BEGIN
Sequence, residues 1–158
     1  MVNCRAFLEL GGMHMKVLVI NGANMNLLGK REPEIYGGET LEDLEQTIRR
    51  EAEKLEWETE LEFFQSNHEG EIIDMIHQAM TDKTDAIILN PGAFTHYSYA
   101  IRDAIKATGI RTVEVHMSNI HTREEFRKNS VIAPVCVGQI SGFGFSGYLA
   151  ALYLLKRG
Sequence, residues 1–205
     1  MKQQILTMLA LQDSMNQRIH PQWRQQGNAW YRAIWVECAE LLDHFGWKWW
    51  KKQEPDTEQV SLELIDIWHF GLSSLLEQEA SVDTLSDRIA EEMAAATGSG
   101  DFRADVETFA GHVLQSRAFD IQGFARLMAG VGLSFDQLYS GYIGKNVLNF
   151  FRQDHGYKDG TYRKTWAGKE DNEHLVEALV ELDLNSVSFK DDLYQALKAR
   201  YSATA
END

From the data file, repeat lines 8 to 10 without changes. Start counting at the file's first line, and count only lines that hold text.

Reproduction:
    51  KKQEPDTEQV SLELIDIWHF GLSSLLEQEA SVDTLSDRIA EEMAAATGSG
   101  DFRADVETFA GHVLQSRAFD IQGFARLMAG VGLSFDQLYS GYIGKNVLNF
   151  FRQDHGYKDG TYRKTWAGKE DNEHLVEALV ELDLNSVSFK DDLYQALKAR